Dublin, Dec 25 (EFE) .- Almost five years after the shock caused by the Brexit referendum, Ireland breathes relief. Its main trading partner and closest neighbor, the United Kingdom, is leaving the European Union (EU) with an agreement that prevents a wild divorce.
Since the beginning of this separation, the Dublin Government has nonetheless had the support of Brussels and its EU partners, as it had much to lose from a disorderly exit.
The solidarity of the Twenty-seven has served as a warning to London during the negotiations, making it clear that the bloc would defend the interests of all its members, including those of a small island of just over 4 million inhabitants located on the margins of the continent. .
Thus, at the same time, Brussels sent a clear message to other members tempted to follow the example of the wayward Albion in the days of populist politicians: “leaving the community club is not an easy task.”
Therefore, there were also voices in Ireland that said that, when the time came, Brussels would give priority to the general interests of the EU over those of this country, even opening the door to a debate on the advisability of leaving the bloc, the utopian Irexit.
The first test of the strength of this commitment came with the issue of the border between the British province of Northern Ireland and the Republic of Ireland, the only land barrier that will remain between the United Kingdom and the EU after Brexit.
That divide, of more than 500 kilometers, has remained invisible since the signing of the peace agreement on Good Friday, the text that put an end to the bloody conflict in Northern Ireland.
The freedom of movement between brothers from the north and south of the island, the uninterrupted transit of goods and services, the absence of physical border infrastructures have been key to consolidating the democratic process. To guarantee the end of violence and reconciliation between the two historically opposed communities, the Catholic-Nationalist and the Protestant-Unionist.
And to also generate a pan-Irish, cross-border and highly interconnected economy. The teacher who teaches in a Northern Irish school has her residence in Ireland; milk from cows that graze in the north is processed in a factory in the south; etc.
The examples of this special relationship are numerous and the savage Brexit threatened to blow up this hard-working and delicate balance of social, economic and political forces.
In addition to Brussels, Dublin has had the support of Washington for the border issue – more clearly that of the Democrats than that of Donald Trump, enthusiastic about a hard Brexit -, since successive administrations have always been very involved in the process of peace.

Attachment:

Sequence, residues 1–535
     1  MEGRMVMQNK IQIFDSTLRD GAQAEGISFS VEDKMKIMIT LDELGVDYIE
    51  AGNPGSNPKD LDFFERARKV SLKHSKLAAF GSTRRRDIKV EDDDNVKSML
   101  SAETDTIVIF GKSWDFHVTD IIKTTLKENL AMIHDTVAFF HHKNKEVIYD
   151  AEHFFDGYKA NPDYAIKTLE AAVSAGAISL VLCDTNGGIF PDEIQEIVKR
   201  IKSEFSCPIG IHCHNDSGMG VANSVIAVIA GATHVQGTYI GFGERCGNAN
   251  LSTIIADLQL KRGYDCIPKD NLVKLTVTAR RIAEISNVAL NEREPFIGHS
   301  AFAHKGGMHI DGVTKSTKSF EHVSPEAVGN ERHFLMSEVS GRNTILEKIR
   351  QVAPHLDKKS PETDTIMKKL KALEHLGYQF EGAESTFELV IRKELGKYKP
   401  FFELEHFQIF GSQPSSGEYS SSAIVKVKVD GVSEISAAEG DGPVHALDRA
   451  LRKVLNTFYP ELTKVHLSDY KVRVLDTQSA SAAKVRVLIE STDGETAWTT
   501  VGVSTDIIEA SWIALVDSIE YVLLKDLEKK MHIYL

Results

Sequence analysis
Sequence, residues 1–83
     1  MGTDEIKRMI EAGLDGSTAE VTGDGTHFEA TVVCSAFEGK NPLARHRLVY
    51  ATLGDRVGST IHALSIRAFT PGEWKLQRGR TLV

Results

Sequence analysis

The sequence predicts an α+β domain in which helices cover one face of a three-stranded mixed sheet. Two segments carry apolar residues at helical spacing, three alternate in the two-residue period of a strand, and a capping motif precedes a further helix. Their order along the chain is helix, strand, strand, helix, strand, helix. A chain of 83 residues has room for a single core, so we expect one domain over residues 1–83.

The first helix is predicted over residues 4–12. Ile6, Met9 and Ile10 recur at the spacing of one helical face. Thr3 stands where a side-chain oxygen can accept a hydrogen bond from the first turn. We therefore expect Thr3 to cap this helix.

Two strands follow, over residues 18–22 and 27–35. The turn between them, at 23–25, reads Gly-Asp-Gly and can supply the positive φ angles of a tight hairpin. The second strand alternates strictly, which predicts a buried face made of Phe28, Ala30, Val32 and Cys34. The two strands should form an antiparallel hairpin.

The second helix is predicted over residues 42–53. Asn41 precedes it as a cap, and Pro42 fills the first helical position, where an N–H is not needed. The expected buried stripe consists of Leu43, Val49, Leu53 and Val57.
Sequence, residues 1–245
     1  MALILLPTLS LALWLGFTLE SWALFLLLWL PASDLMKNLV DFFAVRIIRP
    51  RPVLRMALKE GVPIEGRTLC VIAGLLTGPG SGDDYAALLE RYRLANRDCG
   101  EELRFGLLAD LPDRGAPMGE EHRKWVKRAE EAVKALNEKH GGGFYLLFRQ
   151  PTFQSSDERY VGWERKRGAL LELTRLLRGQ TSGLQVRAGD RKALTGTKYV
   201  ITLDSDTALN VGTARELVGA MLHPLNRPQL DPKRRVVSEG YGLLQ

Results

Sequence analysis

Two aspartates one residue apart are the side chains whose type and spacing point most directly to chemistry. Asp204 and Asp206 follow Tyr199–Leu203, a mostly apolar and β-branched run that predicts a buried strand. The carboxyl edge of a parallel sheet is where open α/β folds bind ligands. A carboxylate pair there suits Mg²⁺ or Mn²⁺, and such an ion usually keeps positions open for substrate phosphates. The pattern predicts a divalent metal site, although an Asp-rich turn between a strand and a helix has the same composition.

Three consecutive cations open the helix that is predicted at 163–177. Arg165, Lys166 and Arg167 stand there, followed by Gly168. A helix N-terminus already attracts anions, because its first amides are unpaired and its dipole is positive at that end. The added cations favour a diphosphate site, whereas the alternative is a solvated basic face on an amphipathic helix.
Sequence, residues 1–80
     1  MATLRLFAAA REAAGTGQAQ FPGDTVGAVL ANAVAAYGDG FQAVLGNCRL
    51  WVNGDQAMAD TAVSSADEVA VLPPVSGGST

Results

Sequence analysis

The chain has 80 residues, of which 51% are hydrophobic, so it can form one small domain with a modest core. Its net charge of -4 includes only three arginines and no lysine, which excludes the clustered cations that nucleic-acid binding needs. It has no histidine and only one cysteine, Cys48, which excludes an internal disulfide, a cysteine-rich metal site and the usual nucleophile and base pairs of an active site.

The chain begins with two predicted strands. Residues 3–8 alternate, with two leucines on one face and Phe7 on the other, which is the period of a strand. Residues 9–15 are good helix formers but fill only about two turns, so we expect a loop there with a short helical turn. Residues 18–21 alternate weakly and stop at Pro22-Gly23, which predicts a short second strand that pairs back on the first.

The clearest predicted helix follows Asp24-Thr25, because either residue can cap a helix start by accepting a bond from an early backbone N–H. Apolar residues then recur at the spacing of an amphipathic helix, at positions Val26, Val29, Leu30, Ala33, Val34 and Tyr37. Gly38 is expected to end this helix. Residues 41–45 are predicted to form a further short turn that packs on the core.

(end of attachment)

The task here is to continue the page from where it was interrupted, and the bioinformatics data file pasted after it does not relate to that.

THE DIFFICULT PUZZLE TO FIT
The puzzle, however, was not easy to put together. The United Kingdom reiterated from the beginning that it would exit the Community single market and the customs union to be able to sign other trade agreements around the world.
Consequently, the EU was forced to devise a plan to protect the internal market from the gateway to the Northern Irish border, but without altering its invisibility.
The solution has been in a complex security mechanism called the Irish Protocol, included in the Exit Agreement that London and Brussels agreed to in October 2019 and that entered into force last February, the text that sets the terms of “the orderly exit of the United Kingdom of the EU “, according to the document.
Brexit, however, has marked its own times and the arrival of Boris Johnson to the head of the British Government in July has added uncertainty to the negotiation about the commercial relationship that the two parties will have after this divorce.
The conservative leader was willing to close the Brexit transition period, which ends on December 31, without an agreement, which would have been catastrophic for the Irish economy, already badly hit by the coronavirus pandemic.
The health crisis has also hurt British finances and, perhaps, caused some vertigo in Downing Street not to take that leap into the void that Boris bravado said he was ready to take.
THE CHRISTMAS AGREEMENT
Likewise, the end of 2020 has brought a new tenant to the White House. Democrat Joe Biden boasts of his Irish roots and has made clear from the outset that any trade pact must respect the contents of the 1998 peace accords and avoid the return of a hard border.
With this new post-Brexit deal, the Irish Protocol remains intact. It implies that Northern Ireland will remain aligned in certain areas with the rules of the single market and the customs union, in order to keep the border with the south open.
Ireland breathes easy. The Good Friday agreement is safe thanks to the Brexit pact, which around here they are already calling the Christmas Eve agreement, the best gift for this pandemic Christmas.
(c) EFE Agency